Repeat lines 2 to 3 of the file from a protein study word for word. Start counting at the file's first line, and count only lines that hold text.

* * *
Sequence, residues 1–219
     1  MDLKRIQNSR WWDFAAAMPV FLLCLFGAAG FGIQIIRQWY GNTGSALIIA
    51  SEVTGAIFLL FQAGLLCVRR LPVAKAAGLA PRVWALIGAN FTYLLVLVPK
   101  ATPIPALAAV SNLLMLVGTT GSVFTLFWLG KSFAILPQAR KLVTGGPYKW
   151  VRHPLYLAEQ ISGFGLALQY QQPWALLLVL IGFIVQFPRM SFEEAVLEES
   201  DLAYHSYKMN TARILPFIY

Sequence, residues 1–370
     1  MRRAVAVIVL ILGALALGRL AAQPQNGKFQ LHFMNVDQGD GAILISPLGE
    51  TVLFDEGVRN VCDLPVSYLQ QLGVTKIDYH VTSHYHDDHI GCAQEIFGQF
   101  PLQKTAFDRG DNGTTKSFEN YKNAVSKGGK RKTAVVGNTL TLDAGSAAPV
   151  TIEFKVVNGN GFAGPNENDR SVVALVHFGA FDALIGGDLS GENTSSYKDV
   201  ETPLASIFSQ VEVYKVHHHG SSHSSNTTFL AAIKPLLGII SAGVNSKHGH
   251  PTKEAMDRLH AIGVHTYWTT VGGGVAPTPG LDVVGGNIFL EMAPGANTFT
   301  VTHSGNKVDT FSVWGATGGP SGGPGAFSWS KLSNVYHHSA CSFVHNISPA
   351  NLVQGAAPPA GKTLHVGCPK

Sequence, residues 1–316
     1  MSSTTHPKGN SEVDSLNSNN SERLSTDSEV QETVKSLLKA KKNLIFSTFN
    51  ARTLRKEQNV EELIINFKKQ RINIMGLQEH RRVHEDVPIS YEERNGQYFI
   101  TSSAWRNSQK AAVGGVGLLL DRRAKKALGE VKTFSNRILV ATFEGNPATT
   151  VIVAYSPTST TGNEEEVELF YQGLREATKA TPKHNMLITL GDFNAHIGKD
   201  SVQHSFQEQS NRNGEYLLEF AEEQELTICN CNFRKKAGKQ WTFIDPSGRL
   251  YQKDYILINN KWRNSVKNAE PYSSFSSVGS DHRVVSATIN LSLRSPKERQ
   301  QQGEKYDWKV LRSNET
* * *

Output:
     1  MDLKRIQNSR WWDFAAAMPV FLLCLFGAAG FGIQIIRQWY GNTGSALIIA
    51  SEVTGAIFLL FQAGLLCVRR LPVAKAAGLA PRVWALIGAN FTYLLVLVPK